Saturday, March 31, 2012

Dreams and Radical Creativity

A few years ago I had a dream that challenged my opinions about the human capacity for creativity.

Now, there is not much more offputting than listening to someone trying to recount their dream, but I ask you to bear with me as I share just this one scene:
I am visiting my old college art professor at his home studio, the one where I worked so many hot afternoons helping to prepare canvasses. As we catch up, I am casually flipping through his stack of recent artwork. Pausing briefly to reflect on each image, I comment on perhaps eight to ten paintings, lithographs and other prints. Overall I view perhaps twenty works, before he and I wander into another room, and the dream takes me elsewhere.
None of the works were ones I had seen before. All were done in his style. I was dreaming in full color, because I remember remarking on his use of color in several pieces.

None of the works actually existed, except as instantaneous, fully completed creations of my dreaming mind.

The reason I even recall this dream is that once I woke up, I was struck by the fact that for the most part when I would try to draw or paint I would get completely stuck. Before I even started, all these doubts and judgements would arise about the final product. And more often than not, no matter what I wound up creating, I was unsatisfied with the result.

So how did that square with a dream where I could and did create what to my own critical eye were complete and satisfying works, twenty in a row, in the space of a few moments? Whether I had the skill technically to create them by hand myself is immaterial. The vision was there.

What this dream -- and indeed the entire human facility of dreaming -- points to is that the human mind is capable of absolutely astounding creativity. And what stops us from accessing that creativity are mostly our own ideas, fears and stories about our limitations, and about what makes an acceptable final product. Ideas which also don't exist except in our minds.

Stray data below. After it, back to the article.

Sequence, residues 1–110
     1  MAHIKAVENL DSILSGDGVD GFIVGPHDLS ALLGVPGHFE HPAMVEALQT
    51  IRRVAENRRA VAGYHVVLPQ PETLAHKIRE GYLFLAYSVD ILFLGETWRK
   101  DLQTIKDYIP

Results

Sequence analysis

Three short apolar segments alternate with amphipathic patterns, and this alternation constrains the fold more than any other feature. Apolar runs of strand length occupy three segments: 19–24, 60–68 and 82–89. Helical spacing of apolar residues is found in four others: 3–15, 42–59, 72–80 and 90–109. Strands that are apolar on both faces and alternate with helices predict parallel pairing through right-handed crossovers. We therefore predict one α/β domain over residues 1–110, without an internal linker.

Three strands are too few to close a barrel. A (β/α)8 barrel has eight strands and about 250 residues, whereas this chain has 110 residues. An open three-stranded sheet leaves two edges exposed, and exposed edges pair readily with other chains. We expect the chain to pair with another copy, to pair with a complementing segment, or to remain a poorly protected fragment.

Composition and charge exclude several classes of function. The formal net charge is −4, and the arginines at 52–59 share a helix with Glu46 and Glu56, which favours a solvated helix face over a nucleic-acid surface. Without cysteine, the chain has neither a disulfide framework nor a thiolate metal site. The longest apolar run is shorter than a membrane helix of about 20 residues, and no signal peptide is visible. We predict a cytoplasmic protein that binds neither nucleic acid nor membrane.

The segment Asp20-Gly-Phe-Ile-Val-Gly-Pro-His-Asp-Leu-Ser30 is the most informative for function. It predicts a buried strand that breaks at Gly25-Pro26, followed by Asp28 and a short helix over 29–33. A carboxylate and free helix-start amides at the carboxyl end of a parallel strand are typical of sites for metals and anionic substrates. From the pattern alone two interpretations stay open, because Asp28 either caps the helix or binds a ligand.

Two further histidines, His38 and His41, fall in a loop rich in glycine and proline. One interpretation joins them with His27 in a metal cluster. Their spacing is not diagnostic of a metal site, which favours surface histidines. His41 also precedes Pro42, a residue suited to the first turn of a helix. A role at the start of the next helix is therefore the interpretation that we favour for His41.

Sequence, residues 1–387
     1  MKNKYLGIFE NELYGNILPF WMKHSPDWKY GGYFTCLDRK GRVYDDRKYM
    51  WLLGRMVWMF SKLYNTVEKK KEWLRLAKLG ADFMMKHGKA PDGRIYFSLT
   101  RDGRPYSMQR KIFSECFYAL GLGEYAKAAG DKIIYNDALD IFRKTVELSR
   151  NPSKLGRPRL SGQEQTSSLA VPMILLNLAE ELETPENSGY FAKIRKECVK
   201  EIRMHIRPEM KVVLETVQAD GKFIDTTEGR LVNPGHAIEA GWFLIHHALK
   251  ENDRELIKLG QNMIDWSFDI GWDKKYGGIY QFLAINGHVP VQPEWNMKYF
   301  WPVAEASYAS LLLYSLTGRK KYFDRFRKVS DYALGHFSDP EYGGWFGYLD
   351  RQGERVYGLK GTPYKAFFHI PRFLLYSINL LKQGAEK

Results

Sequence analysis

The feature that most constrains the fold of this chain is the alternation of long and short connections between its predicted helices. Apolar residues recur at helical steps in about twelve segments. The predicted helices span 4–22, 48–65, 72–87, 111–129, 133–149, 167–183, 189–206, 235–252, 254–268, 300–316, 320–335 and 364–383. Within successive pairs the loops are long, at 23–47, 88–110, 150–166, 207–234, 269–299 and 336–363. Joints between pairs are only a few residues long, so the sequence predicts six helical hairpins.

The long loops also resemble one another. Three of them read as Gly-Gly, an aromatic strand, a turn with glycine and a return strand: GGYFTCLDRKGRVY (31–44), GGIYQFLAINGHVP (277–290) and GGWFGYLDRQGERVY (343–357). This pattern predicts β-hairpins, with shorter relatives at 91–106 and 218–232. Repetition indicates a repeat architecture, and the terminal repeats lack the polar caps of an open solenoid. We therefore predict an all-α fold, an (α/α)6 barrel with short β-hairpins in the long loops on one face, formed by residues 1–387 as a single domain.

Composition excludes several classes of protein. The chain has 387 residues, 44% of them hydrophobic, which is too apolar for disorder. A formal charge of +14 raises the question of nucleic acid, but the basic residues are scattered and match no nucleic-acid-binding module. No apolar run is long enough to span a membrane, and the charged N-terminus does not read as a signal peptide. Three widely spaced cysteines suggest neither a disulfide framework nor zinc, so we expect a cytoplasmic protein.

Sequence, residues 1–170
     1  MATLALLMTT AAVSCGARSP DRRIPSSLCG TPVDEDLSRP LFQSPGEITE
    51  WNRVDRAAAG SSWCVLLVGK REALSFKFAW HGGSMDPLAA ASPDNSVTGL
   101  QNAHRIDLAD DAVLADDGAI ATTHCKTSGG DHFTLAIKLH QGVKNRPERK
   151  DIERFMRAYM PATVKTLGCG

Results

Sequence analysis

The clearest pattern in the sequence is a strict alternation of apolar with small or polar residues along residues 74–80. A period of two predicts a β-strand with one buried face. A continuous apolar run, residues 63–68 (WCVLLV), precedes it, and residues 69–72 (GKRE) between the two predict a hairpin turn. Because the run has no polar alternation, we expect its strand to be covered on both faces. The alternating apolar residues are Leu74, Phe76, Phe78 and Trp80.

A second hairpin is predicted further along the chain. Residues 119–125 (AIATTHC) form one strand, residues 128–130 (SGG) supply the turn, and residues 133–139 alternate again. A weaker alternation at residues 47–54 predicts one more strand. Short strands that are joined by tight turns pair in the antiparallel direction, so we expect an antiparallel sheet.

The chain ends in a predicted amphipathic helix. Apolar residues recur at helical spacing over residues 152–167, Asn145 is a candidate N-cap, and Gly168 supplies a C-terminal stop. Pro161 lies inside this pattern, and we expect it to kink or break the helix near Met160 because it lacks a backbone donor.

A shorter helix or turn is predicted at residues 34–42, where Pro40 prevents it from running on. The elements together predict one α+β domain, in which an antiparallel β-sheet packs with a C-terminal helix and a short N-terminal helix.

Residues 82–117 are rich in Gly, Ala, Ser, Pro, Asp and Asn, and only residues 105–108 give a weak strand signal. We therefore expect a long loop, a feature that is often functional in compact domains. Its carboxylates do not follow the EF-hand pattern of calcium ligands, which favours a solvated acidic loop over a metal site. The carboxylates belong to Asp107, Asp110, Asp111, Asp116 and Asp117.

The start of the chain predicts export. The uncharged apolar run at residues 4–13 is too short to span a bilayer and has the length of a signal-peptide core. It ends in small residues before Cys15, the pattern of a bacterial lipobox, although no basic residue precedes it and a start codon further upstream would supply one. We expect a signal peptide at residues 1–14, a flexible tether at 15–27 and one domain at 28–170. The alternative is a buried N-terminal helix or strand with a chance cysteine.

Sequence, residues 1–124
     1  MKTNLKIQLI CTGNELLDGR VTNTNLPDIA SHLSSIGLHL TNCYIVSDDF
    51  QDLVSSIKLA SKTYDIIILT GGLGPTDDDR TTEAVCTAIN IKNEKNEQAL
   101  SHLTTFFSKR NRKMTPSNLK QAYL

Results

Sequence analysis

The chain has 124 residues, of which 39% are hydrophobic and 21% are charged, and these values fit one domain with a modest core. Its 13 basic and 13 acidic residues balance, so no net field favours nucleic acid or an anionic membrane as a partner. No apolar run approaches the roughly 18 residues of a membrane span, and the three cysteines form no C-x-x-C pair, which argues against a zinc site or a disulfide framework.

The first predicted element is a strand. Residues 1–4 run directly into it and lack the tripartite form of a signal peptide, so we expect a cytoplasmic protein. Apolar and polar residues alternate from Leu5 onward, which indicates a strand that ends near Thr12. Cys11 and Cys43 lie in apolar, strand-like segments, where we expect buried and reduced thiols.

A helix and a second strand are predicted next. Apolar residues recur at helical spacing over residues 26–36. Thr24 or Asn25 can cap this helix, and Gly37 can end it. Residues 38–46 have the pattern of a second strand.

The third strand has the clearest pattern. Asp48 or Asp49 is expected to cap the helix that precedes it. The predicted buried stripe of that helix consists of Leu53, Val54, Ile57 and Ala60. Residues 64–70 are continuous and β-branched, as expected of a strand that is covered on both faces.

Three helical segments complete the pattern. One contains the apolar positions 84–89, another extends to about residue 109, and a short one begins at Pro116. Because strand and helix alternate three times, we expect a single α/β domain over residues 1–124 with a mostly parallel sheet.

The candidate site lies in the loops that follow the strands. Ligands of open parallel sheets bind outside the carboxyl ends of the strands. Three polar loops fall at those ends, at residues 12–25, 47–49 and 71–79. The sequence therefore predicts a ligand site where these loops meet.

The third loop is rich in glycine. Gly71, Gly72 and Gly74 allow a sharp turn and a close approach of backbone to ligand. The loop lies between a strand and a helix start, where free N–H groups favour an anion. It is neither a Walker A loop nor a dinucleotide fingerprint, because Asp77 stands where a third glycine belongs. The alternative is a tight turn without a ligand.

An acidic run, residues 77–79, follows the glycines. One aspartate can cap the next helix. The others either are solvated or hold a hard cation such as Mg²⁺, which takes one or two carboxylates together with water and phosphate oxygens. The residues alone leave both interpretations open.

For the purposes of this post, I am only talking about visual art. But I believe that everything stated above just as easily applies to any other type of human creativity, be it music, choreography, narrative or what have you.

Attempting to work with what I learned from that dream, I have tried to retrain myself when faced with a blank page to just dive in and start making marks. To just see what comes up. Sure, I will continue to draw an occasional still life. But I find it a lot more satisfying these days to start without any plan at all and see what happens.

Turns out this is a lot more fun, and more often than not, I am satisfied with the final product.

What is circular for me about all this is that "just dive in and see what happens" is a lot of what my college art professor was trying to teach us so long ago.

This sums it up, from ZenDot Studio:
If I was asked to get rid of the Zen aesthetic and just keep one quality necessary to create art, I would say it’s trust. When you learn to trust yourself implicitly, you no longer need to prove something through your art. You simply allow it to come out, to be as it is. This is when creating art becomes effortless. It happens just as you grow your hair. It grows.
--John Daido Loori from "The Zen of Creativity"


  1. ha, ha, so funny to find a quote from Loori that I posted because as I read your post I thought, wow, I have come home! Here is someone writing and thinking about art like I do! And then came the quote, so funny! That said, this is a dynamite post, rifling through ideas I often contemplate but can't quite crack, the art koan, how to let go.

    As I read the part about your dream I was reminded of Peter London's book "No More Secondhand Art" where he poses this question, asking why do we have so much trouble "creating" when we are awake, when in dreams we conjure up perfectly formed images, no problem. We never say about our dreams, "you know I didn't really like how that woman turned out" All images are accepted without question.

    1. Well and that's circular too because that's how I felt when I found your blog -- a great comfortable familiarity of outlook (can't recall if it was via Pigasus or Dalai Grandma). It was the Loori quote that made me remember the dream and decide to write this up. I was not aware of Peter London's book but will be sure to check it out. Confirmed my sense that surely I couldn't be the only one who'd ever had this thought about creativity and dreaming.